When I was nearly 13, my brother got high. Really high. So high, he wanted to fly. He was sixteen and well versed in the most popular ways to self- medicate in the 70's. After following our older two brothers into the drug culture, he had many resources to procure his drugs of choice. It was 1976, August, quite near my birthday.
Using an exterior roof ladder on this particular steamy Oklahoma night, my brother Mark climbed to the highest peak of a local junior college, somewhere between 3-4 stories high while he was simultaneously 3-4 Quaaludes high, and he jumped.
If nobody was there to see it, did he really fly?
My four best friends and I celebrated my 13th birthday just over a week later in a large, smelly tent in our backyard. The tent smelled as a tent should smell. I just don't happen to care for the smell of tent. I understand some people do. Just a hint of freshly opened tent smell can invoke fond childhood memories, a love of nature, visions of travel with the world stopping at the entrance of that smelly old tent.
We didn't speak of my brother at all that night in the musty old tent. We had cake and ice cream and my battery operated 8-Track with plenty of KC and the Sunshine Band tapes to keep us entertained. I don't remember what I got that year. I remember wanting a record player but it was probably too expensive, like the very first VCR's, fax machines, computers and so on. I had to wait.
As a little girl, Mark was always my favorite brother. He was gentle and shy. He didn't seem to want or need to be heard and most importantly he did anything and everything I asked him to do. Mom used to call him my little puppy dog.
The best of times were the shows I made him perform with me. We would practice for hours, prepare invitations, invite anyone who happened to be in the house at the time and actually charge for admittance. He was much too introverted to sing by himself but he happily accompanied me by doing the whistling part of Otis Redding's, Sitting by the Dock of the Bay.
Somebody had to do it. I couldn't whistle without laughing.
When it came time to perform, I would intentionally make him laugh during his big whistling part. It was fun for me and the audience ate it up. "Try again", they would scream! We would rewind the tape and attempt to whistle along but the great irony and sad truth of a happy whistle is that it is silenced by the slightest smile.
Eventually Mark grew out of his boyhood and out of playing with his little sister. He turned to the business of becoming a man but first, he had to survive our household. Before he jumped, I would find him passed out in the hallway, lying in an empty bathtub with bleeding wrists or standing next to my bed while I pretended to be asleep. It is difficult to understand but there was a potent mixture of fear, embarrassment and pity that kept me from telling on him. I can only recall it happening a few times before I learned how to defend myself by lying on my stomach or stretching and yawning to mimic a person about to wake up.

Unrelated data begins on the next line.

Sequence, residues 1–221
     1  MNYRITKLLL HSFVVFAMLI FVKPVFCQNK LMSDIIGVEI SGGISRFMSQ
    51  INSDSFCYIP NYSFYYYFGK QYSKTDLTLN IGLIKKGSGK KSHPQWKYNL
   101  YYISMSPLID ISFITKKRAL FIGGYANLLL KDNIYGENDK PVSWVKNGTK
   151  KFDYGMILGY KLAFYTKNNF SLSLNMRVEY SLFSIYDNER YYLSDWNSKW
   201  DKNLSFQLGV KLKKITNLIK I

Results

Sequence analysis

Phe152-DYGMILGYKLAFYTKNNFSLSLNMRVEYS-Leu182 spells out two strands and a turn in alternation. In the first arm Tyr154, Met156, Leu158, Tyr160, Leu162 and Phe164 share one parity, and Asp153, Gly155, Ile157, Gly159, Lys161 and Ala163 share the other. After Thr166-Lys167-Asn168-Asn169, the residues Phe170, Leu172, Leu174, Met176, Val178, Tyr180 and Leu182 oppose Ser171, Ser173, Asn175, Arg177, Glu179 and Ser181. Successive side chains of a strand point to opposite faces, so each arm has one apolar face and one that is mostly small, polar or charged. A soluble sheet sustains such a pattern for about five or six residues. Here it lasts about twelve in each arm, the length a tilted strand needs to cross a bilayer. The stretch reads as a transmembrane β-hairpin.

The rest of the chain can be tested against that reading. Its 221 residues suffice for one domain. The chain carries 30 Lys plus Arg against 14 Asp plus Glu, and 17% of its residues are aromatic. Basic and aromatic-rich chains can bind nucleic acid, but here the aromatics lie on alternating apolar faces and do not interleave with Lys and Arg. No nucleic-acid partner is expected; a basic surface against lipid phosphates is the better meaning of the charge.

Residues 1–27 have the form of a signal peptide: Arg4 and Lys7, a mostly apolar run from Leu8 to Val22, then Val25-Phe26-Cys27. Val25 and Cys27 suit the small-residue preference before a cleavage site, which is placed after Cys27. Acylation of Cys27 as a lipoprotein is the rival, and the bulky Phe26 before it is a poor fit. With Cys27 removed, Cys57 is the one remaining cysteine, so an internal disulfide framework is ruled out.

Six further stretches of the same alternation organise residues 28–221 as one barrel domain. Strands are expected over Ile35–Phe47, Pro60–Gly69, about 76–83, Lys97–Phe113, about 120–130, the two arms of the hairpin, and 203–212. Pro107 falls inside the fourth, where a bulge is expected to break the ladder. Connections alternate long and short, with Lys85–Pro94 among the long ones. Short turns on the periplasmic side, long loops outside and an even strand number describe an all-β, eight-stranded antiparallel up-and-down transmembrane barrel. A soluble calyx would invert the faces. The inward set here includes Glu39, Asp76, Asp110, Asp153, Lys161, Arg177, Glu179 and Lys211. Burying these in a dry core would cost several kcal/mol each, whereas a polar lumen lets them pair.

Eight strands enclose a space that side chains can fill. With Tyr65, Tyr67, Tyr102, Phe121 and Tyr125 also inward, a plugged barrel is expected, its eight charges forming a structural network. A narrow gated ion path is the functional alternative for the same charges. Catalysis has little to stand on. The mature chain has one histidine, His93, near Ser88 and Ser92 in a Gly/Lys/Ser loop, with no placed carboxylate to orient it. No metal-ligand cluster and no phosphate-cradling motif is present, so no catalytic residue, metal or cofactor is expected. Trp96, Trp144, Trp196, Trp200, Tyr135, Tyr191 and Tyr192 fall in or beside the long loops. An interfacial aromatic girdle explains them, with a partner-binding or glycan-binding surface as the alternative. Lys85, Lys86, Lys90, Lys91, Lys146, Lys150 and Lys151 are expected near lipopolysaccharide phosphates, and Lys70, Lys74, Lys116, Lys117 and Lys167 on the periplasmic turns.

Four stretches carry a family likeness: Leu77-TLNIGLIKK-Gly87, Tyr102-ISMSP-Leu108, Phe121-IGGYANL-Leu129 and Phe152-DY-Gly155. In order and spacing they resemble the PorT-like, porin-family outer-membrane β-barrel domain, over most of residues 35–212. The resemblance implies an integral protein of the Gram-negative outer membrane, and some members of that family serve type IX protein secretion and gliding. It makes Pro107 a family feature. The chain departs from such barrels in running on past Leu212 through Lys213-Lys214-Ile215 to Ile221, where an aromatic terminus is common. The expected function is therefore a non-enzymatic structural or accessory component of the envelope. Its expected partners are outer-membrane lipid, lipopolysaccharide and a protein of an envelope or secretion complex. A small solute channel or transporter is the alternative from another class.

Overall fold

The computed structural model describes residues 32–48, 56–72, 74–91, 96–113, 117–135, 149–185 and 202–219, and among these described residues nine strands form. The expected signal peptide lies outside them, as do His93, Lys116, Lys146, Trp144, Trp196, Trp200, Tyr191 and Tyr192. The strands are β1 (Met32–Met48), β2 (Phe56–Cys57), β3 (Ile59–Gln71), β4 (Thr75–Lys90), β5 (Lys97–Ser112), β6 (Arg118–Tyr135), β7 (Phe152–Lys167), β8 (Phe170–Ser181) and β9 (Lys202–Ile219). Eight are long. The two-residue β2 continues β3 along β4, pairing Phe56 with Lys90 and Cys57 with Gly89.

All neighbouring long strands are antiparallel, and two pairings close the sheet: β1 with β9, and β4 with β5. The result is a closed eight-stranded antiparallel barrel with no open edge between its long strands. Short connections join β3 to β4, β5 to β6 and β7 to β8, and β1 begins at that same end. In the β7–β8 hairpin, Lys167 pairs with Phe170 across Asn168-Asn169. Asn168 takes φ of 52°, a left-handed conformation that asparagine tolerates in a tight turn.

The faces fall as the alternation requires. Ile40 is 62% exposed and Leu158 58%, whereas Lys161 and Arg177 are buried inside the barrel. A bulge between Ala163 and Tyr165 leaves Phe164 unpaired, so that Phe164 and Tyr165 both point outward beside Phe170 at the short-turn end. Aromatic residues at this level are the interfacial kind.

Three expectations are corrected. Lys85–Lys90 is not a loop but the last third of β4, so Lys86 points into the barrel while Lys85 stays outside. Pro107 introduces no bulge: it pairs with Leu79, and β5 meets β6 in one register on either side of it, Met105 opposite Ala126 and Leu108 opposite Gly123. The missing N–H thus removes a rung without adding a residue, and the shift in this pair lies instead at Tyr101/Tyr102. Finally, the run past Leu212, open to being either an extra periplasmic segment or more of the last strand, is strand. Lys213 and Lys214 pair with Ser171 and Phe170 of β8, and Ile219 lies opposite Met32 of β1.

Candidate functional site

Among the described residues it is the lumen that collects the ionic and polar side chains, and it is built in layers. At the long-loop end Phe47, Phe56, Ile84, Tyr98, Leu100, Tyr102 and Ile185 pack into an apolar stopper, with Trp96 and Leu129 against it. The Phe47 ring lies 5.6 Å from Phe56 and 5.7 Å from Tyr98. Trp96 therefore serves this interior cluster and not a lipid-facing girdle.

A month or so after Mark jumped, everything seemed to go back to normal. Mom and Dad got up very early in the morning to have coffee, read the paper and sit in the quiet for a few hours before heading off to work.
"God Dammit Joyce, are you making that mother-fucking, dried up, shit in a box, Hamburger Helper, again", Dad screamed as he walked in the door after work.
I could hear him from the sanctity of my upstairs bedroom and knew it would be one of those nights. He was not a drinker, he was unhappy, unfiltered and quite probably bi-polar. Being the only other female in the house, I took her side against my father. I often encouraged her to leave him. "Why do you stay with someone who treats you this way?" Didn't she deserve the opportunity to steal away a few moments of relaxation by skipping a step or two and substituting powdered cheese from a box?
I want very much to think of my mother as a strong woman but I can't get the word stoic out of my head. His mental beatings extended to my brothers and eventually to me. There were regular fist fights as soon as my brothers got big enough to take him on and our house was never without a series of holes punched through drywall, doors and even the occasional window. My mother was stoic through every last excruciating moment of it.
That night, after she was berated for her supper scenario, she never stopped to acknowledge him, she didn't look up from her one-skillet dish. She didn't glove-up and grasp the handle of that cast iron culinary weapon, searing him with boiling hot packaged noodles, as I would sometimes imagine her doing.
No, she finished dinner with her characteristic unflappable determination and asked me to wake my brother and help him into his wheelchair so he could sit down and eat with the family. Mark was unquestionably the most squeamish, painstakingly fussy eater that had ever lived. During a kitchen remodel when we were all little, my parents discovered what must have been two years worth of peas stuffed into the cushion of his assigned spot at the table.